previous next

SCENE IV

Paris. The KING'S palace.
Enter HELENA and CLOWN.

Hel.
My mother greets me kindly: is she well?

Clo.
She is not well; but yet she has her
health: she's very merry; but yet she is not
well: but thanks be given, she's very well and
wants nothing i' the world; but she is not well.

Hel.
If she be very well, what does she ail
that she's not very well?

Clo.
Truly, she's very well indeed, but for
two things. (10)

Hel.
What two things?

Clo.
One, that she's not in heaven, whither
God send her quickly! the other, that she's in
earth, from whence God send her quickly! Enter PAROLLES.

Par.
Bless you, my fortunate lady!

Hel.
I hope, sir, I have your good will to
have mine own good fortunes.

Par.
You had my prayers to lead them
on; and to keep them on, have them still. O,
my knave, how does my old lady?

Clo.
So that you had her wrinkles and I (21)
her money, I would she did as you say.

Par.
Why, I say nothing.

Clo.
Marry, you are the wiser man; for
many a man's tongue shakes out his master's
undoing: to say nothing, to do nothing, to
know nothing, and to have nothing, is to be
a great part of your title; which is within a very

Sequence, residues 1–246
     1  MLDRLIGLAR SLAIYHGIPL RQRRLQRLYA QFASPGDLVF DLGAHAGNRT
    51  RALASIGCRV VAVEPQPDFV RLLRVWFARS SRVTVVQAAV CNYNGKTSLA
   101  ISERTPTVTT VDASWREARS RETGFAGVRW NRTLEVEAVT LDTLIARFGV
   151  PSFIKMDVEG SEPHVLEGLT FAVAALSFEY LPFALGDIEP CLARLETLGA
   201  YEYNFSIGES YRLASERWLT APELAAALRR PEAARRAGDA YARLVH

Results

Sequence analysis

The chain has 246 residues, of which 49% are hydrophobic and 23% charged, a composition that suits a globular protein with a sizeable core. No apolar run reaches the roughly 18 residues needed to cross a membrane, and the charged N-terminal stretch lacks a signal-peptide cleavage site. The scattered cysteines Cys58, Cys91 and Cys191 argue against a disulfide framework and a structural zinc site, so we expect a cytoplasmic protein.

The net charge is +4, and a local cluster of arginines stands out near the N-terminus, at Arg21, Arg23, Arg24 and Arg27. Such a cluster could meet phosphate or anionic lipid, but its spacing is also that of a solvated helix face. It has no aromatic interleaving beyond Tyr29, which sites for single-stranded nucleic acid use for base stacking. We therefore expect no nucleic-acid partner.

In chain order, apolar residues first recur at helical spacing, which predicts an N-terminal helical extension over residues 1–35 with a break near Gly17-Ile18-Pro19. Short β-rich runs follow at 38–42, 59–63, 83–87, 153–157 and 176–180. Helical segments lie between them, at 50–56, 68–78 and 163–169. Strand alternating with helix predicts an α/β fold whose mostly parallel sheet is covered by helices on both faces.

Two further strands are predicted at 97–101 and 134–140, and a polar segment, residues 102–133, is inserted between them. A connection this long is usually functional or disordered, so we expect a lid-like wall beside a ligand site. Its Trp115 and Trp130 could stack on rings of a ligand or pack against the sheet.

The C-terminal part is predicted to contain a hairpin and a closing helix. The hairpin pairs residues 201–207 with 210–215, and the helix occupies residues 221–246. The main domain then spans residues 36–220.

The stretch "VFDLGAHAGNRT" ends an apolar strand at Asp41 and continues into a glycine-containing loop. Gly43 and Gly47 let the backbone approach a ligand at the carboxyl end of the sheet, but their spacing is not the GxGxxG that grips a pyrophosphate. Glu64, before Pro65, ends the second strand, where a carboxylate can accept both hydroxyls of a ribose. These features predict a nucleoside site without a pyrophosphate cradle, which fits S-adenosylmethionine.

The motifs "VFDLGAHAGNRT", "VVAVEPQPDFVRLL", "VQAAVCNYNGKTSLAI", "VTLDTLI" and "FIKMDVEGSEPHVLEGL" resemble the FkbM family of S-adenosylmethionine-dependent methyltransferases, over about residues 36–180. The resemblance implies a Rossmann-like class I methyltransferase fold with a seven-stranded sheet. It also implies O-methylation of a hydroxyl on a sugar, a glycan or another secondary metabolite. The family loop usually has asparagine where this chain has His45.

little of nothing.

Par.
Away! thou'rt a knave.

Clo.
You should have said, sir, before a
knave thou'rt a knave; that's, before me (31)
thou'rt a knave: this had been truth, sir.

Par.
Go to, thou art a witty fool; I have
found thee.

Clo.
Did you find me in yourself, sir? or
were you taught to find me? The search, sir,
was profitable; and much fool may you find
in you, even to the world's pleasure and the
increase of laughter.

Par.
A good knave, i' faith, and well fed. (40)
Madam, my lord will go away to-night;
A very serious business calls on him.
The great prerogative and rite of love,
Which, as your due, time claims, he does acknowledge;
But puts it off to a compell'd restraint;
Whose want, and whose delay, is strew'd with sweets,
Which they distil now in the curbed time,
To make the coming hour o'erflow with joy
And pleasure drown the brim.

Hel.
What's his will else?

Par.
That you will take your instant leave o' the king, (50)
And make this haste as your own good proceeding,
Strengthen'd with what apology you think
May make it probable need.

Hel.
What more commands he?

Par.
That, having this obtain'd, you presently
Attend his further pleasure.

Hel.
In every thing I wait upon his will.

Par.
I shall report it so.

Hel.
I pray you. [Exit Parolles. Come, sirrah. [Exeunt.

Creative Commons License
This work is licensed under a Creative Commons Attribution-ShareAlike 3.0 United States License.

An XML version of this text is available for download, with the additional restriction that you offer Perseus any modifications you make. Perseus provides credit for all accepted changes, storing new additions in a versioning system.

hide References (1 total)
  • Cross-references in text-specific dictionaries to this page (1):
hide Display Preferences
Greek Display:
Arabic Display:
View by Default:
Browse Bar: